Photo of Omega Seamaster Planet Ocean watch

For those interested in watches I just published a set of photos on Flickr of my Omega Seamaster Planet Ocean. There's a lot of amazing tech that goes into an Omega dive watch and the Planet Ocean is no exception. It features a decompression system that allows the watch casing to off-gas helium after the watch has been in a pressure chamber for a long time. Also on board are Omega's own self-winding Caliber 2500 automatic movement (or the Caliber 9300 if you have the new 2011 edition) with a 48 hour power reserve, an anti-reflective, scratch-resistant sapphire crystal, and a self-locking screw-in crown. All of this in a watch that can go as deep as 600 meters (2,000 feet). View the photos here or watch a slideshow of the photos here.


Rolex Releases New Web Site

Posted by Aaron West at 6:10 PM in Personal, Watches, Flash

I have a huge affinity for timepieces (watches to the layman). Several years ago I started looking at buying a Rolex so I visited their Web site. After tremendous amounts of research and buying a Rolex Sea-Dweller I haven't visited the site much. The previous site worked well enough but it always seemed cumbersome and slow on my Powerbook G4 in Safari and Firefox. The screen transitions would take quite a while and sometimes not even work. Several times I would have to refresh the entire site and advance through menu options again. After hearing about the redesign I paid the site a visit. It's always contained some stunning photography but the new site is definitely an improvement. The site is designed to detect whether your browser supports JavaScript, Flash, and CSS and whether you have them turned on or off. I disabled JavaScript using the Web Developers plugin for Firefox and received a non-Flash experience. However, the site developers were successful in offering an alternative browsing experience without degrading quality. The images are still stunning and the site - for the most part - looks exactly the same.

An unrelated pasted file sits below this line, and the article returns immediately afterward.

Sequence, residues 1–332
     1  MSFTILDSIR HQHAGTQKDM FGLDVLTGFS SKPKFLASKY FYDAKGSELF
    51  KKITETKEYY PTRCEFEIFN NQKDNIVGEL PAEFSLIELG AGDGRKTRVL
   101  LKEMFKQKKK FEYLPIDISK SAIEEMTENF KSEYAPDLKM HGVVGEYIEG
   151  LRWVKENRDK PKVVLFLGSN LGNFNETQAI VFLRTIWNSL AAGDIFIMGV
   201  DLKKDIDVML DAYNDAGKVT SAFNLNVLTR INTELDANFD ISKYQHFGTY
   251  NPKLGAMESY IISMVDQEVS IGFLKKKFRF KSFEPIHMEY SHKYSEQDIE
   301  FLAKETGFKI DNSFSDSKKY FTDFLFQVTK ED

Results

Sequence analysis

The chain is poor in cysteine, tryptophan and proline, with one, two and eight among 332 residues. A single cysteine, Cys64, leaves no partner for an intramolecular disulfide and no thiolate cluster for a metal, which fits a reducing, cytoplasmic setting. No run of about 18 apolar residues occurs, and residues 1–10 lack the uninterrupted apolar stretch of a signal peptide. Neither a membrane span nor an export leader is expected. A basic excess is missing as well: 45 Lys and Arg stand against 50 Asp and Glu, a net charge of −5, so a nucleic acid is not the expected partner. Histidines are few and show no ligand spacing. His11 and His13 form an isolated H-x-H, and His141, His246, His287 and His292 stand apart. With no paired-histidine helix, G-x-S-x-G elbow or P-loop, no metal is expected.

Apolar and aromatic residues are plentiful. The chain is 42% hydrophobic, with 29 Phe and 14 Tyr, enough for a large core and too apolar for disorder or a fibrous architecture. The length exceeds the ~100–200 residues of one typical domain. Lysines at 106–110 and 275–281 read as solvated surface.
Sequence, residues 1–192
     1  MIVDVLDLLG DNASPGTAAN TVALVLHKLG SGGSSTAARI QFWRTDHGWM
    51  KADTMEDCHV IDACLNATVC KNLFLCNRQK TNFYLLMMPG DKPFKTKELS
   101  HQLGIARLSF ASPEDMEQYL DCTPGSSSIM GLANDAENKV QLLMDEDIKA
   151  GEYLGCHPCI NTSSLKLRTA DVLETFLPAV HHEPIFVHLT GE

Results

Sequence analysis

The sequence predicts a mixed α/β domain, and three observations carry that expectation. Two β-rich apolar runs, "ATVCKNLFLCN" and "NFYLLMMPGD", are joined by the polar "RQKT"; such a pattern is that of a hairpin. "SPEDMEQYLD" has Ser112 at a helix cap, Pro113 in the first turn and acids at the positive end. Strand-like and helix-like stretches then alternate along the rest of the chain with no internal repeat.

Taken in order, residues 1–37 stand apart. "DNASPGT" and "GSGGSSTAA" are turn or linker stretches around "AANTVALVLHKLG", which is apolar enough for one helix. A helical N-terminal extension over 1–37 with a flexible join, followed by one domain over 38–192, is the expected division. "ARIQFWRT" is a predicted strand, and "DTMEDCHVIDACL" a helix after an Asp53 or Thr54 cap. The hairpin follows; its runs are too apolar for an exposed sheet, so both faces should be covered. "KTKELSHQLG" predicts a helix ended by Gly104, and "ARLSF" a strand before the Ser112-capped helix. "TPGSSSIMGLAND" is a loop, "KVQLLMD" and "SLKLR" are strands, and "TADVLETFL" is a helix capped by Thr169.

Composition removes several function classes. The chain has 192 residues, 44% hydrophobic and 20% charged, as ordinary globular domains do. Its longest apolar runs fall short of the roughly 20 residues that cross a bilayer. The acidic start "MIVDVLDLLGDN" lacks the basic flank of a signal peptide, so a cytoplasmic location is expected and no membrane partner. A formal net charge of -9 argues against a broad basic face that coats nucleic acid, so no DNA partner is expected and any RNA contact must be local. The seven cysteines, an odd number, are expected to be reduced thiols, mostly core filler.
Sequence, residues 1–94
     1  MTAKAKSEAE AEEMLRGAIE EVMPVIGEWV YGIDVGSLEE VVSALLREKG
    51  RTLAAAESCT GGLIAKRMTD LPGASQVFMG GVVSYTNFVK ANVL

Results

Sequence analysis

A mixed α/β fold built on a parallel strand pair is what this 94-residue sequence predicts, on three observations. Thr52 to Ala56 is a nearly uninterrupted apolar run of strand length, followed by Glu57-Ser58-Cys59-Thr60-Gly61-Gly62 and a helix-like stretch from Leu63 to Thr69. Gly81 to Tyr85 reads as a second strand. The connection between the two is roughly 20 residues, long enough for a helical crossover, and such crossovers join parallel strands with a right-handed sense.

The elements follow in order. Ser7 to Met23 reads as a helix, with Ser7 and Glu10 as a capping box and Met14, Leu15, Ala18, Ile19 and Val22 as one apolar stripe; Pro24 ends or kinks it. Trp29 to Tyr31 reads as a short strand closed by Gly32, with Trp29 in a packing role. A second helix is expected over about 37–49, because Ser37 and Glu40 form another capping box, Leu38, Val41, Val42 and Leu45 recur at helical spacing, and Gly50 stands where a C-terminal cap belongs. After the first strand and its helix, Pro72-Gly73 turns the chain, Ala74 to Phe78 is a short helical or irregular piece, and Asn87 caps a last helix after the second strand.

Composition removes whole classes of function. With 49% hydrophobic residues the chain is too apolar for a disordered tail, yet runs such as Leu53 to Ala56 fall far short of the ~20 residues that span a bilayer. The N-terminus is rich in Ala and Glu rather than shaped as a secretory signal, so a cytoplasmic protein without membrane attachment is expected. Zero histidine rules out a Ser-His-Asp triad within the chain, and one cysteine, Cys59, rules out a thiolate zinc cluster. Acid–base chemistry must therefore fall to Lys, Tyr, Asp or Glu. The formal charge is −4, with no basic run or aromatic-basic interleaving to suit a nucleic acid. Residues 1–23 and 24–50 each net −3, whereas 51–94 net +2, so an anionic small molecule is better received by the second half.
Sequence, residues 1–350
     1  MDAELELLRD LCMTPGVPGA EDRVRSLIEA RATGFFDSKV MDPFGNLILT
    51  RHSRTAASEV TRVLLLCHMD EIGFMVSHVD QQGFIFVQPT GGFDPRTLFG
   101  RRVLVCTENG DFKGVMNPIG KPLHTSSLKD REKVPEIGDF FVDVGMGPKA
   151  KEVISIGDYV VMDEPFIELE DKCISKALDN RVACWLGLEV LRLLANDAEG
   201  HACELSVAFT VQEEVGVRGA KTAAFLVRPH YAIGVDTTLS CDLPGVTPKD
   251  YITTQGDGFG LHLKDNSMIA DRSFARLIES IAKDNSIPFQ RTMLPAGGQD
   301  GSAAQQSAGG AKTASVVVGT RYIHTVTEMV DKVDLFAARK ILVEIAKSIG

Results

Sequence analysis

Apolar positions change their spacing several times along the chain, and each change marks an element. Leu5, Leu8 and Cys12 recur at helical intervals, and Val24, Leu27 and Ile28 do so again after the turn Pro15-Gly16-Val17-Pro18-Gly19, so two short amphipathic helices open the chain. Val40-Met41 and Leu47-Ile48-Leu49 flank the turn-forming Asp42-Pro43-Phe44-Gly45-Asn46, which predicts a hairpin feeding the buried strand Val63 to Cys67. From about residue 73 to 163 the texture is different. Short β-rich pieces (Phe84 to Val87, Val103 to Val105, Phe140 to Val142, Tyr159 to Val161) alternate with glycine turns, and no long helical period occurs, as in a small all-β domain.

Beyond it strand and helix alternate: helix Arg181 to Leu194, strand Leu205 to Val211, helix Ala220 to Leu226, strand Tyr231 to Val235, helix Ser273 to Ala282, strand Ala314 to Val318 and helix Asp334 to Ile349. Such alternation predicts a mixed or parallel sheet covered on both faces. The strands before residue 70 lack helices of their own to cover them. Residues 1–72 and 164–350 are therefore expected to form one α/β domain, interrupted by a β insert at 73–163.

For such an amazing and timeless product, the Rolex site delivers and equally amazing Web site. My only complaint is the Sea-Dweller not being part of the Extraordinary Watches section. The Sea-Dweller includes all the technical marvels of the Oyster Perpetual movement with the additional ability to be submerged to 1,220 meters (4,000 feet). Also included are the Oyster fliplock bracelet (allowing the piece to be worn over a wet suit) and the helium gas escape valve (necessary for those spending time in a helium-enriched underwater habitat). These technial feats, which are unmatched by any other timepiece, should justify its placement in the Extraordinary Watches category.